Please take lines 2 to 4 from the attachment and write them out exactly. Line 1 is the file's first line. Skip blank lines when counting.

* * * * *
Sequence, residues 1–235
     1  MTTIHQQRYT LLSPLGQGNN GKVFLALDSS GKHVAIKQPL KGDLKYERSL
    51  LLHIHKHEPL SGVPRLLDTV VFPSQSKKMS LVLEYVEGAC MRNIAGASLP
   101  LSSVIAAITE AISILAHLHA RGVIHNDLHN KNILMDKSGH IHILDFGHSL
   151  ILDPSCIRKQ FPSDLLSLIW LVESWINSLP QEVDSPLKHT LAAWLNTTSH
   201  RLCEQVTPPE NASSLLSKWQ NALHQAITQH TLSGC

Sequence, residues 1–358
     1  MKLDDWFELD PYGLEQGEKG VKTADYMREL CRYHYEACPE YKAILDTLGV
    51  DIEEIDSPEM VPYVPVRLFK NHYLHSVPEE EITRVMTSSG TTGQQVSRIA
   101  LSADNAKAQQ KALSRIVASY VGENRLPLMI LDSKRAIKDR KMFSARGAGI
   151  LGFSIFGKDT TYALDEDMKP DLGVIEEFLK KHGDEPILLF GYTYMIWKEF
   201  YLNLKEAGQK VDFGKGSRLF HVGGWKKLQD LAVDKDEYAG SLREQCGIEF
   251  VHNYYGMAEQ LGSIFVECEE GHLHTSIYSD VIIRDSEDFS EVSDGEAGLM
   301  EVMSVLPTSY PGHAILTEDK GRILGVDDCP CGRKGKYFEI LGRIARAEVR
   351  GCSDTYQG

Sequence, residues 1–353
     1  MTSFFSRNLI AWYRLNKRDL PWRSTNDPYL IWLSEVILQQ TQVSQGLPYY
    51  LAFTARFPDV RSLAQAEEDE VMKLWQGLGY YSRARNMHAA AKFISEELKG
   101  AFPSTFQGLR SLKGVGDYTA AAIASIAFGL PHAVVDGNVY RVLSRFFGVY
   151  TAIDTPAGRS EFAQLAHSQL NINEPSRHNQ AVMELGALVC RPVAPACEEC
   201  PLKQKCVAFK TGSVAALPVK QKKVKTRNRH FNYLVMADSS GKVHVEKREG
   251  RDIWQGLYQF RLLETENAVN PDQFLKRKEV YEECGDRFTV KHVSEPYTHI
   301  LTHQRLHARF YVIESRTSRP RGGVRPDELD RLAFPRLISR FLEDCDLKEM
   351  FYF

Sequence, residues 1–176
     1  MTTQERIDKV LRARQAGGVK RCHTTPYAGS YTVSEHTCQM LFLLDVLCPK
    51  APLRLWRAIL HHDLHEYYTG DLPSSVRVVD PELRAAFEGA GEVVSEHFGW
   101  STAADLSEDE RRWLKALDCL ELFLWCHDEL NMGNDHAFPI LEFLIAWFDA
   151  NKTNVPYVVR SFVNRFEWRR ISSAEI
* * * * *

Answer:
     1  MTTIHQQRYT LLSPLGQGNN GKVFLALDSS GKHVAIKQPL KGDLKYERSL
    51  LLHIHKHEPL SGVPRLLDTV VFPSQSKKMS LVLEYVEGAC MRNIAGASLP
   101  LSSVIAAITE AISILAHLHA RGVIHNDLHN KNILMDKSGH IHILDFGHSL